Military Divorce FAQs: Find out about divorcing a military servicemember or divorcing a civilian when you are in the military. Get the answers to the most frequently asked questions about military divorce in New Jersey.
How do I get a divorce if my spouse is in the military?
When filing for divorce from a military spouse, it is important to know that special rules apply to military service members, especially those on active duty. You may file your military divorce in the state where you reside, the state where the service member is currently stationed or perhaps even the service member’s home state as listed on their Leave and Earnings Statement. Courts are sympathetic to military personnel. Even when service is successful, if deployment prevents the service member from fully participating in a court proceeding, the Service Members Civil Relief Act allows a court to delay (or “stay”) the proceedings until he or she is available. Military divorces can be complicated. Be sure to consult with an attorney experienced in these types of matters.
I’m currently deployed. Can a court grant my spouse a divorce without my knowledge?
NO. Because of the Servicemembers’ Civil Relief Act, default judgments of any kind cannot be entered against servicemen and women while they are away, unless they are fully informed of the proceedings and they agree to waive their protections under the SCRA. Servicemembers are entitled to the court appointing an attorney for them in thier absence and they are entitled to a 90 day stay of the proceedings while they are gone. See 50 U.S.C. App. Sec. 501 for more information.
I’m being stationed overseas in Germany and I have primary custody of my child. Can my child go with me?
This is possible. Under New Jersey law, children do not automatically stay with the parent who is remaining in the United States. Courts make decisions regarding custody based upon the child’s best interests. The court will look at the conditions your child will face in the new country such as safety, educational opportunities, and child care availability and will strive to make sure the child’s other parent remains a constant presence in their life during the time away.
I’ve returned from active duty, but am in an inpatient medical facility. Can the court make changes to my parenting time plan right away?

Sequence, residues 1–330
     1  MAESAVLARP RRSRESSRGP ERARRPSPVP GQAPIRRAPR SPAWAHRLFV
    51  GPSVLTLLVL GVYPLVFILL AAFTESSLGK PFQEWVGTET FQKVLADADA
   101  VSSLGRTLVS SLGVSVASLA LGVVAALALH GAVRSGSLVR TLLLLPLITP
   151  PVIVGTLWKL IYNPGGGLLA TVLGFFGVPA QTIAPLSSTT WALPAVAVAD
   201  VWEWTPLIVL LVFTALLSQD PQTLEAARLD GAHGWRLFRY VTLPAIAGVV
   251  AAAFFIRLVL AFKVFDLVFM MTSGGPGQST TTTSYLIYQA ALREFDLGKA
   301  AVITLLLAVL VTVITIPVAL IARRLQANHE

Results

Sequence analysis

No. New Jersey law prohibits any permanent custody or parenting time changes to existing orders for at least 90 days after the parent’s return. Also, changes cannot be made while a parent is absent for 30 days due to deployment or treatment for service related injuries.
My commanding officer is telling me I need a Military Family Care Plan. What is that?
The US military will not allow single parents to enlist. However, some parents become single parents during their time in the service and others marry other military parents. In these cases, the various branches of the military require members to create a Military Family Care Plan that outlines items such as designations of short and long term care providers in the case of a deployment. Please note that these plans cannot conflict with court orders that are already in place that talk about custody or child support.
Can I name someone other than my child’s other parent as a caregiver in my Military Family Care Plan?
You can, but you must include the written consent of your child’s other parent or a written statement about why the consent was not provided.
The Answers You Need
For answers to your specific questions about military divorce, including jurisdiction, residency, special rules for deployed servicemembers, and more, please get in touch to request an consultation. Our skilled and knowledgable attorneys can help you safeguard your children, protect your assets, and secure your future. Please contact us to schedule an initial consultation. Take the first step today. Talk to us: